The Tragedy of Cedric Diggory and Hodor
Before we begin, I have not read any of George R.R. Martin’s A Song of Ice and Fire series. However, this will include spoilers pertaining to the HBO series Game of Thrones, primarily focusing on “The Door.”
If you are a Game of Thrones fan and witnessed this past Sunday’s episode, “The Door,” you may be like myself where you are still attempting to recover from that ending. I actually missed the original airtime and spent my Monday workday trying to decipher what “Hold the door!” meant and feared for a tragic flashback or death. Never would I have imagined that I would be correct on both accounts.
As I watched Hodor be ripped to shreds in the present while losing his sanity in the past, I found myself comparing Bran and Hodor’s segment to a scene in Goblet of Fire. Hodor’s death and damnation on Bran’s account sent me reeling, thinking back to the graveyard scene where Wormtail murdered Cedric Diggory.
Bran, the second youngest of the Stark family, has been with the Bloodraven learning to control his paranormal talents, including time travel visions, similar to the Pensieve. Bran has been witnessing his family history and watching the rise of the White Walkers. In this particular case, Bran finds himself surrounded by the White Walkers army and in a twist; the leader of the army reaches out and touches Bran. Bran wakes immediately to discover the mark has transferred through his vision and shines brightly on his skin. Bloodraven warns him that the White Walkers can now enter their cave and will come looking for him.
Sound familiar? I found myself comparing this to when Harry was trapped in the graveyard with Wormtail. Harry is stuck with no sense of escape, and Wormtail marks Harry by cutting his arm to take blood to use in Voldemort’s rebirth. Harry’s blood flowing through Voldemort’s body gave Voldemort the ability to touch and attack Harry in a way he couldn’t before. I can hear Ralph Fiennes’s voice: “I can touch you now!” Creepy stuff.
Both Harry and Bran have now been “marked” by an enemy of theirs, who in result can now pursue each character with full force.
Hodor and Cedric Diggory are the same in that they meet similar fates. Both were damned to their death by a friend who had good intentions. Harry insists that Cedric take the Triwizard Cup with him, which as we know, turns into a Portkey, leading Cedric to his death. Harry having Cedric grab the Cup was his way to invite Cedric to share the winnings of the tournament but instead, marked him as a “spare” who was uninvited to Harry’s surprise meeting.
At the time of the White Walker attack, Bran had yet to wake up from his vision, causing Meera to take control when moments later, Bran warged into Hodor. As they all escape, Hodor is left with the task of holding the door so Bran and Meera could escape. As Meera shouts, “Hold the door!” Bran reinforces the message as he remained in control of Hodor. We soon discover, as Bran is trapped in a vision, that it was this command that caused Hodor to lose his mind and speech capabilities. Bran had no intentions for Hodor to lose his sanity years ago and then die at his hand. Bran is currently developing his talents, and because of this, there is no way he would have known just how powerful he truly is. I think of it kind of the way that Harry had no idea that Sectumsempra would almost kill Draco Malfoy in Half-Blood Prince.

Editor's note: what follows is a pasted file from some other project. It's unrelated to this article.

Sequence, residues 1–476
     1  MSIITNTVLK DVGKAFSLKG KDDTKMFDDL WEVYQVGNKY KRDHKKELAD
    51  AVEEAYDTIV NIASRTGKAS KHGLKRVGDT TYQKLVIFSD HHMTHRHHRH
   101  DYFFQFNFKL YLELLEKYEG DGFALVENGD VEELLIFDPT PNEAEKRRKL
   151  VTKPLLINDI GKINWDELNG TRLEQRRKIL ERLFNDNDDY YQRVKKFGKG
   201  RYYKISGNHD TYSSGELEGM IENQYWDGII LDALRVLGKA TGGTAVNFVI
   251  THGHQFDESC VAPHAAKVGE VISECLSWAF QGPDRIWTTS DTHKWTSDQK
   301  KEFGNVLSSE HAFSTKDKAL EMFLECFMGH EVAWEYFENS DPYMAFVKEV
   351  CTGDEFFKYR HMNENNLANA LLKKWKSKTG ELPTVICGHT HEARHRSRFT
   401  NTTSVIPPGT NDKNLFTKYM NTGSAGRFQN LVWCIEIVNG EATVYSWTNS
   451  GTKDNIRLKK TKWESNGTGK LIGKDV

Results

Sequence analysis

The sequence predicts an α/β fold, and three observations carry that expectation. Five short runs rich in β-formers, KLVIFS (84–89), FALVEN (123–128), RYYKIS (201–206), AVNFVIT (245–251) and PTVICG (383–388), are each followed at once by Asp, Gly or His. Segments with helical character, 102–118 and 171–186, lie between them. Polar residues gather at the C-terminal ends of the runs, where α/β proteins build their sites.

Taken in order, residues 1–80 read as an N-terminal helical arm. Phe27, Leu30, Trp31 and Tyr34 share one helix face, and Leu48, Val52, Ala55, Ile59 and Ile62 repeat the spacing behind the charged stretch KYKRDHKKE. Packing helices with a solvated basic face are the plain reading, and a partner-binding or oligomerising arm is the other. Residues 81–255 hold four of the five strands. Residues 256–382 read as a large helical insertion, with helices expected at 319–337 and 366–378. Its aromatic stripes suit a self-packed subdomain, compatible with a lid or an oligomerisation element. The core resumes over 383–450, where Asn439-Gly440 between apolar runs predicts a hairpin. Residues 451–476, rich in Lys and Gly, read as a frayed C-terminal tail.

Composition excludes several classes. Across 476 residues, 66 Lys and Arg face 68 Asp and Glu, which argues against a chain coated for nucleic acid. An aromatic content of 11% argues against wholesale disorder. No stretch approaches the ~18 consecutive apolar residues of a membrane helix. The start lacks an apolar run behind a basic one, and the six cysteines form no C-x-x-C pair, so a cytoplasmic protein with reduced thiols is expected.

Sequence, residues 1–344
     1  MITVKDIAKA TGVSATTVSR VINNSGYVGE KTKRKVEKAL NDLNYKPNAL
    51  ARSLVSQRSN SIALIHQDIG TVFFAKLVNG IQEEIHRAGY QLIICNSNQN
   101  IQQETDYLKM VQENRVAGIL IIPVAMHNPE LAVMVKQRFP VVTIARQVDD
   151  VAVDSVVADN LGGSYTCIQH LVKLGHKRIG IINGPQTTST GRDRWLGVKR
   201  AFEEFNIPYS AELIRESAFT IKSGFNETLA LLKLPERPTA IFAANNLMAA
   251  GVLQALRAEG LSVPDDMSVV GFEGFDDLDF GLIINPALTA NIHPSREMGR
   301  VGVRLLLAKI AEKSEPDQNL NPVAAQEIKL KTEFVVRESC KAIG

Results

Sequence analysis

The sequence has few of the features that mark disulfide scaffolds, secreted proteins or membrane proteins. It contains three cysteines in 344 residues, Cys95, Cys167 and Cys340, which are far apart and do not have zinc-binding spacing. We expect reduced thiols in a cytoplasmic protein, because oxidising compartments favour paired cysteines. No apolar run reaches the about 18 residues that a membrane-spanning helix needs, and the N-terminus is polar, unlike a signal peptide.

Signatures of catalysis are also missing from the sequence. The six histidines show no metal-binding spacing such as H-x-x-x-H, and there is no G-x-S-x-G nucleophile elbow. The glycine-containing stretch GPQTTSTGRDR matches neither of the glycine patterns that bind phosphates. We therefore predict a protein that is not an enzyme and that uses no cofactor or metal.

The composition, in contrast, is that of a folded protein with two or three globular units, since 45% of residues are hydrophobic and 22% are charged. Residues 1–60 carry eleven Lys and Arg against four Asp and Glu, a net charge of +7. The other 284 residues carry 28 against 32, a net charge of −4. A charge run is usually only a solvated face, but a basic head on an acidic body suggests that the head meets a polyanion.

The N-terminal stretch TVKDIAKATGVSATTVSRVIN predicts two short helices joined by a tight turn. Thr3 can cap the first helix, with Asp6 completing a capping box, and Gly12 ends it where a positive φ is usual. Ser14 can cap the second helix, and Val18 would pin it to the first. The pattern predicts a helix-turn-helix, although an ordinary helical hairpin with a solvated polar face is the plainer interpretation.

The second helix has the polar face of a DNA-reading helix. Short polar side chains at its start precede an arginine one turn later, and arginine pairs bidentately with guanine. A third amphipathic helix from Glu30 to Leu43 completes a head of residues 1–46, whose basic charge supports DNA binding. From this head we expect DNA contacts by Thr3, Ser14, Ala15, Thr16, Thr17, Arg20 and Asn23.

My initial thoughts made me wonder if perhaps HBO or George R.R. Martin decided to borrow J.K. Rowling’s twist for their own use until fellow staff member Cassie reminded me that the Game of Thrones series was published first, long before Potter. In my defense, this season of the popular HBO show is not following any particular published book by Martin, minus the advisements Martin has given to show producers.
Cassie and I both believe that Bran may be one of George R.R. Martin’s favorite characters, which leads me to believe that this plot point was something Martin had in mind for decades.
Aside from this one scene comparison, Harry and Bran share more in common than one might think. Both are teenagers in the middle of large wars. Both have lost their parents and had people attempt to kill them. They both lose their mentor at a crucial moment in their life, and Dumbledore and the Bloodraven are ominously vague in their advice.
If we take these comparisons to heart, does this give Thrones fans a potential glimpse into Bran’s future? Harry’s story is well known: He grows up to defeat the man who attempted to kill him as a child. Could Bran meet the same fate to take down the man who caused his paralysis? Now that Bran has this mark of his enemy, has he become more powerful to be the one to end the White Walkers?
It’s funny how great minds tend to think alike as Rowling and Martin have. Am I crazy and over thinking a heartbreaking scenario from both series? Possibly. However, when it is all laid out, the similarities do exist and make me wonder if Harry’s story might offer some insight into Bran’s future.